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Linguistic and cultural splits run deep despite changing demographics in Belgian communities. The rise of nationalist parties is also playing into the lead-up to Sunday's municipal elections in Belgium.
In Antwerp, outspoken Flemish nationalist Bart de Wever is using his tilt at the mayorship to kick-start a campaign that could end in the dissolution of Belgium. Meanwhile in the outer suburbs of Brussels, a more subtle Belgian drama is being played out. A look at one town shows that in these municipalities, the language people speak and the context in which they speak it is front and center of the political campaign.
The Brussels Metro Line 1 rumbles east from the headquarters of the European Commission out to the city limits. Several stops and 10 minutes later, it approaches the invisible border between the mainly French-speaking greater Brussels and the officially Dutch-speaking Flanders.
This is where modern demographic trends and traditional political tribalism clash, making Sunday's poll an event of national significance.
In the municipality of Kraainem, nestled between the Brussels border and the city's ring road, there is no shortage of French being spoken - despite the fact that it lies in Flanders, Belgium's Dutch-speaking region.
Carel Edwards, Anglo-Dutch by birth and a candidate for the Kraainem Council, says the town of 13,000 inhabitants - 3,500 of them foreigners working in international institutions - used to be a Flemish farming village and is now a suburb of Brussels with a majority of French-speaking people.
A sign vandalized to remove French street names reflects deep linguistic divisions in Belgium
"What neither the Flemish nor the French-speaking Belgian population really appreciate is the fact that they are becoming part of the metropolitan region that has to be multilingual. Brussels is already multilingual," Edwards told Deutsche Welle.
It's a common pattern around the outer suburbs: intransigent francophone councils pitted against a Flemish regional legislature with real concerns about the demographic language-creep. And while the French language rights in border areas of Flanders are protected by national laws, that hasn't done much to alleviate the tension.
According to Carel Edwards, that tension can have a real impact on the lives of residents. Kraainem's local school needs new buildings, and students are already being housed in temporary facilities on the playground, he said.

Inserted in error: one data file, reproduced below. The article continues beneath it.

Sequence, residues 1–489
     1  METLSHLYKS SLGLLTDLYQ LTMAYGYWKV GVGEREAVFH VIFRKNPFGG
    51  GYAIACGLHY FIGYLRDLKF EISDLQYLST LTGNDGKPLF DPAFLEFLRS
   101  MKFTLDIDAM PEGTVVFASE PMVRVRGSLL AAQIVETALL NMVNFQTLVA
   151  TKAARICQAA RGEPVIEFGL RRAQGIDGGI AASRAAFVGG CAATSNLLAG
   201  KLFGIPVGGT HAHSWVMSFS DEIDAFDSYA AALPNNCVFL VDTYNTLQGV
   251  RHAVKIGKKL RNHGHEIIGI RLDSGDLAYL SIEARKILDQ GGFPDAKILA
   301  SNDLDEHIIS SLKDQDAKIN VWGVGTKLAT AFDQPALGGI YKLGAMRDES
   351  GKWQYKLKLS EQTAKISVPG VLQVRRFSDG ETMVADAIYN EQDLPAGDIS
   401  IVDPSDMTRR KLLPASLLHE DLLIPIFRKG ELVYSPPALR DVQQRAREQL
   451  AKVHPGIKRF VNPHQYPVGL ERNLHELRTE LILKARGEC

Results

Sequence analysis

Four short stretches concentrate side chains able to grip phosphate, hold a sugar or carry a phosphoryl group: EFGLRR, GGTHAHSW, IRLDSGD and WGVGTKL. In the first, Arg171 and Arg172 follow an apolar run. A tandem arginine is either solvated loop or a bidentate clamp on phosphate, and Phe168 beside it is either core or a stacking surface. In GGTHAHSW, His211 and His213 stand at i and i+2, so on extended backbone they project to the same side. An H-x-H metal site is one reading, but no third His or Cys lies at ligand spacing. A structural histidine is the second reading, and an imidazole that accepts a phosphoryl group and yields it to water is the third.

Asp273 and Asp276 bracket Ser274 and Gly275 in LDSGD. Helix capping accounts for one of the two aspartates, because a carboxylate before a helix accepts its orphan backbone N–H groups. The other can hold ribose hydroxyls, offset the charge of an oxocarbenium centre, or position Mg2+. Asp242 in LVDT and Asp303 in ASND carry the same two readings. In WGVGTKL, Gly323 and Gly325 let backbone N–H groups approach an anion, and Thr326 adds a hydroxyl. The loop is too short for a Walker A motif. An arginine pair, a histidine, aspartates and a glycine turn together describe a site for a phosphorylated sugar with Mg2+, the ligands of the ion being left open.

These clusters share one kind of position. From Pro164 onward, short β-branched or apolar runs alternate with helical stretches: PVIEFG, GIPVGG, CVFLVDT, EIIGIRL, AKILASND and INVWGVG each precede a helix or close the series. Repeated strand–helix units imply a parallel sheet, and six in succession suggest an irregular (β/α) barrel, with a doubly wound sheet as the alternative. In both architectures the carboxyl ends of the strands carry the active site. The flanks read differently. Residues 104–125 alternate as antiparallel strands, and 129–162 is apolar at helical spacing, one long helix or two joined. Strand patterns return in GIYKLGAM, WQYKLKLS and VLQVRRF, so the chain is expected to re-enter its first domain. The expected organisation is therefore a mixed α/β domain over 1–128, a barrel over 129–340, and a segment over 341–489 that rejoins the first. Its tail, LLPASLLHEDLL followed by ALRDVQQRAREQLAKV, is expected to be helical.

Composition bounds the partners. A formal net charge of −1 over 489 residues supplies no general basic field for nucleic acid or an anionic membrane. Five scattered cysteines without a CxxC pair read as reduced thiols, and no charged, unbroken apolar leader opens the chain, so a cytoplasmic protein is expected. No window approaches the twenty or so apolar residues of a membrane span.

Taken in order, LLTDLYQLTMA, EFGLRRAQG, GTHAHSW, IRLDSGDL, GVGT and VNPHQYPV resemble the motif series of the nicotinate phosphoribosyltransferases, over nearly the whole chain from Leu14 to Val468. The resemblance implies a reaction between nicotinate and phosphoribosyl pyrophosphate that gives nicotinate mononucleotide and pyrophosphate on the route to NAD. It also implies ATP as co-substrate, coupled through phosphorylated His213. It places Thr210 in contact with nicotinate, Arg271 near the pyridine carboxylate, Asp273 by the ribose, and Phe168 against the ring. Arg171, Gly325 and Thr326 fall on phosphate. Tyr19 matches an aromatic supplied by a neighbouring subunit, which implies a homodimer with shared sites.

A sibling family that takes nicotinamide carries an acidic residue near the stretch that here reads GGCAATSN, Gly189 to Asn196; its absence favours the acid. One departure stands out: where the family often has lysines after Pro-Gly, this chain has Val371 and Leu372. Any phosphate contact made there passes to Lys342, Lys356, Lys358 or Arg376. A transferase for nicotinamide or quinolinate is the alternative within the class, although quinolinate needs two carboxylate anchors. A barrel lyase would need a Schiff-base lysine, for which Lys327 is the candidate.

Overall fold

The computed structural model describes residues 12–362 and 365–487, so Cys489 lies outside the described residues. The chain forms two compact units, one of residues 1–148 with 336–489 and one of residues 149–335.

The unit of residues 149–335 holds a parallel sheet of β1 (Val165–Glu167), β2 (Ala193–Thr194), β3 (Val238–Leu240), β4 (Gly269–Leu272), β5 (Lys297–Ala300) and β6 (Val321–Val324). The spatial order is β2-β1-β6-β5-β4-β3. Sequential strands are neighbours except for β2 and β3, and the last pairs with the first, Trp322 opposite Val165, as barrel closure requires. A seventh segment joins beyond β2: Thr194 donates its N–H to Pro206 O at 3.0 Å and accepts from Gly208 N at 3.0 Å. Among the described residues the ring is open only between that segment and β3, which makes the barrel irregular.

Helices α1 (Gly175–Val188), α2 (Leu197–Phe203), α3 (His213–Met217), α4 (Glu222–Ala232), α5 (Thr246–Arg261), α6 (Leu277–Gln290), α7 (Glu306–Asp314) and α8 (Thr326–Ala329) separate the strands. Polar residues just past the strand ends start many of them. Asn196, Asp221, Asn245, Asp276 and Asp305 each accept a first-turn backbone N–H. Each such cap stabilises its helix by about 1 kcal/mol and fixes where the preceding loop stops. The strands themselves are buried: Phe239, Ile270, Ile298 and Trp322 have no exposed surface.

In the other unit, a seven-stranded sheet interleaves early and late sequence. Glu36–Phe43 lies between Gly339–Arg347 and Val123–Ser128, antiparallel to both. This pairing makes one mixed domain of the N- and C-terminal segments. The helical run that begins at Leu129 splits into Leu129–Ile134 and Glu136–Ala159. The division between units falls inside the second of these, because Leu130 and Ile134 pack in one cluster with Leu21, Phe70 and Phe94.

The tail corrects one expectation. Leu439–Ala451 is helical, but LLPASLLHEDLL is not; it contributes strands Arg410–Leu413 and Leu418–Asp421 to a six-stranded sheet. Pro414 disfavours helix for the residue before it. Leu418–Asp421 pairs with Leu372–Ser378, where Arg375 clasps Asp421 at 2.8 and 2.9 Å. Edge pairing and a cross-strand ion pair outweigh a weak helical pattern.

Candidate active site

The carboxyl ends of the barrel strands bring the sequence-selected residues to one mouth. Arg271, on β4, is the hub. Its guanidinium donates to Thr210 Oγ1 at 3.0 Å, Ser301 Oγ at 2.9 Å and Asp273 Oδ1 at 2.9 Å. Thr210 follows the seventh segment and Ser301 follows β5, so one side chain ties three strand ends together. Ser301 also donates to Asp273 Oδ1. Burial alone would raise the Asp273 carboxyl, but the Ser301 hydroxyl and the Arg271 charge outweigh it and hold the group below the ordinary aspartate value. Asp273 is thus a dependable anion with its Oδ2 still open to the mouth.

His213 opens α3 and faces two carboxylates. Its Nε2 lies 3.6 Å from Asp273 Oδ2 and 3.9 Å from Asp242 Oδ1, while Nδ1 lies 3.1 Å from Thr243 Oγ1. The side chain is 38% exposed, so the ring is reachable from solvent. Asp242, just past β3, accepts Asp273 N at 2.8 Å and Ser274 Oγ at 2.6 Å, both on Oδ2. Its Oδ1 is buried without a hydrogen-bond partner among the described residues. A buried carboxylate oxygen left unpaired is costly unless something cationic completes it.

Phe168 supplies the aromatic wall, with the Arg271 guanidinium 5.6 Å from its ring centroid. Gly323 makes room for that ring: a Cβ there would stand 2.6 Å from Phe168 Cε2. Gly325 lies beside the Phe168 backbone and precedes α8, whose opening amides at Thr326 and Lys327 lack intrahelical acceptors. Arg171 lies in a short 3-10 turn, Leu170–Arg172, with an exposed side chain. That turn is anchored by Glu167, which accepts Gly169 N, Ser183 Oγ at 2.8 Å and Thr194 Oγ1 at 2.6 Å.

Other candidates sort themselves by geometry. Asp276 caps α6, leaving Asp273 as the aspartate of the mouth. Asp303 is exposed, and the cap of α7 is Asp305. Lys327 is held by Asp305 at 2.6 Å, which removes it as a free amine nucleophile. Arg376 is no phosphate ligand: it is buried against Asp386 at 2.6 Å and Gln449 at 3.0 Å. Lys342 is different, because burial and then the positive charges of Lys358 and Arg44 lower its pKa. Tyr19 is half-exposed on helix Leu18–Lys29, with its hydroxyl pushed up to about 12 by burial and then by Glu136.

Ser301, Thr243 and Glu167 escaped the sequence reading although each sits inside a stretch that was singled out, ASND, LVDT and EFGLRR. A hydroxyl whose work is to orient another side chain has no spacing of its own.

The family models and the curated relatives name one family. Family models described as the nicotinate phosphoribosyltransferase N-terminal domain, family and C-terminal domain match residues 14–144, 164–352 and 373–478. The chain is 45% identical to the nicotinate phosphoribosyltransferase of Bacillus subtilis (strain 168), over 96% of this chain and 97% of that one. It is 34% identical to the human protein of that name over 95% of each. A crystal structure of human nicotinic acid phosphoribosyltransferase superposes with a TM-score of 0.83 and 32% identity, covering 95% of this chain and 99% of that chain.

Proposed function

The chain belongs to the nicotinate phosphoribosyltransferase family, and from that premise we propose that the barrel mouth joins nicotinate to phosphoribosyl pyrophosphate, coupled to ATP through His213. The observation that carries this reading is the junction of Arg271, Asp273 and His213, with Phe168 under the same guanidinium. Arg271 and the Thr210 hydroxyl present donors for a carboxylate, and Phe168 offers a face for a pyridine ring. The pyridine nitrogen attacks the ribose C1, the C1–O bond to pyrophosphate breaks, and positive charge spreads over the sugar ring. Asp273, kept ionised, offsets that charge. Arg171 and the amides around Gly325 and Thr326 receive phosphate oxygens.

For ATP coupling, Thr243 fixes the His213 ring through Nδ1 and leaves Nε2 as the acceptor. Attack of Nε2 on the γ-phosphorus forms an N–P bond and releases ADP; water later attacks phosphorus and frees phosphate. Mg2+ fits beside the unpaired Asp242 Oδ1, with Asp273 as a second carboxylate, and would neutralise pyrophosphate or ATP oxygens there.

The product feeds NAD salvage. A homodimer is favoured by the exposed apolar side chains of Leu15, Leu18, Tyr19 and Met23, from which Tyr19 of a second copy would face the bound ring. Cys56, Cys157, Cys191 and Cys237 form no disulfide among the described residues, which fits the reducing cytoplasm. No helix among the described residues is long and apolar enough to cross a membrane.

But the local council is loathe to get the money to extend the school from the Flemish regional government, Edwards explained. "The French-speaking administration would rather have no money than Flemish money, even if the population suffers," he added.
So far, neither the francophone-dominated council of Kraainem nor the Flemish regional government appear ready to embrace multilingualism.
Linguistic divisions remain deeply etched in the voting patterns of residents in communities such as Kraainem. And according to Jean-Benoit Pilet, a lecturer in political science at the Université Libre de Bruxelles, the only way out of the predicament is for one of the parties to back down. Which appears unlikely.
Pilet painted a black-and-white choice: "The only solution is that either the majority of French speakers accept they are in Flanders and it's not a bilingual region, or the Flemish government accepts that these municipalities are bilingual so they should be part of Brussels, because the Brussels region is bilingual," he told Deutsche Welle.
The strong showing of Flemish nationalist parties in recent polls would suggest that on the issue of francophone communities, the Flemish regional parliament isn't about to relent.
Bart De Wever is considered by some as a top candidate for Belgium's next premier
The New Flemish Alliance - known by its Dutch acronym NVA - has been in existence for just more than 10 years. But the party dominates politics in Flanders and is hoping to do well in the polls - particularly in Antwerp, where its charismatic leader, Bart De Wever, is running for mayor. If he wins, the assumption is he'll be ready to take the Belgian parliament by storm at the next federal election in 2014.
Concerns over the impact of language divisions in Kraainem have led Edwards and a number of like-minded residents to come together and run for council, under the banner of "Kraainem Unie" - united Kraainem.
Peggy Cortois is the group's spokeswoman. She is Flemish but speaks both French and Dutch - at home, too. "It has always been a mixture of two languages," she said. "I never understood how people could turn language into a problem. It's like a micro-world here, micro-Belgium - that's Kraainem!"
But it appears that overcoming differences in this polarized situation will take time, to say the least. Which means that at least for now, francophone suburbs such as Kraainem are likely to remain politically divided.